|Sah, Seema - FLORIDA INTL. UNIV.|
|Jayachandran, Krish - FLORIDA INTL. UNIV.|
Submitted to: American Society of Agronomy Meetings
Publication Type: Other
Publication Acceptance Date: November 6, 2005
Publication Date: November 6, 2005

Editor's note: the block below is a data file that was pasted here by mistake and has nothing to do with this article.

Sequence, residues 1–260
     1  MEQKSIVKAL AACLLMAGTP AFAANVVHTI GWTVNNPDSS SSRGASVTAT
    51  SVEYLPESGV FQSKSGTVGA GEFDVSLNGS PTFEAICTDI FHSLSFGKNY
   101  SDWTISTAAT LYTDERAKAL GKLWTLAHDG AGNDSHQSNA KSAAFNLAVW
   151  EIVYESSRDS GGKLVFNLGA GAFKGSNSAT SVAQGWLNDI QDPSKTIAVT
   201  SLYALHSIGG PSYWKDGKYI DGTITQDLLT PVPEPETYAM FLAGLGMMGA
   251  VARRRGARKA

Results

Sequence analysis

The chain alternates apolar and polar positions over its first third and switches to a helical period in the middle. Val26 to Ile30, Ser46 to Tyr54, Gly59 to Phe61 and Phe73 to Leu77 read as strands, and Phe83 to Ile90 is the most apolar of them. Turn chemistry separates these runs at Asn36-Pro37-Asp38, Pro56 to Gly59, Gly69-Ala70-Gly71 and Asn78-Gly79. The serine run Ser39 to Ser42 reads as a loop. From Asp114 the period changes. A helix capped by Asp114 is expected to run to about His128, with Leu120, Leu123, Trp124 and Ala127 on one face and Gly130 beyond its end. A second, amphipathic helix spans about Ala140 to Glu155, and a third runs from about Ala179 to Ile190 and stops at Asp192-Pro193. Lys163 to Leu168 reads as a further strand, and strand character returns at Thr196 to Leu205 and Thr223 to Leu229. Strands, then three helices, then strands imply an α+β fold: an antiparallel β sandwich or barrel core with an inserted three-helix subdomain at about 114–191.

Citation: Sah, S.K., Reed, S.T., Jayachandran, K. 2005. Effect of flooding on arbuscular mycorrhizal colonization in snap bean plants. American Society of Agronomy Meetings. Technical Abstract: Flooding is a common problem in crop production in south Florida. Arbuscular mycorrhizal (AM) fungi maintain a symbiotic relation with more than 90% of vascular plants, including snap bean (Phaseolus vulgaris L). Mycorrhizal fungi affect plant physiology and growth. However, flooding may inhibit mycorrhizal colonization in native wetland grasses. The effects of flooding on mycorrhizal associations with agronomic crops is unclear. Our objective in this study was to evaluate the effects of short-term flooding on mycorrhizal colonization in snap bean. A greenhouse experiment was conducted to determine the colonization rate of AM fungi and their effects on growth in snap bean plants grown under flooded conditions. Two randomized design experiments, each with one level of flooding, imposed at either of two different dates, and four different mycorrhizal mixes were set up in the greenhouse. Beginning at either 13 or 27 days after planting (DAP) plants were flooded to 1cm above the soil surface for eight hours every seven days. Plants were harvested 30 DAP and 45 DAP for the 13 and 27 day flood initiation treatments, respectively. Percent colonization, mycorrhizal root lengths, plant height, plant biomass, leaf area, photosynthetic rate, and total carbon, nitrogen, and phosphorus were measured. Analysis of variance (ANOVA) was used to determine the differences between treatments. We will discuss the effects of short-term flooding on mycorrhizal colonization and plant growth.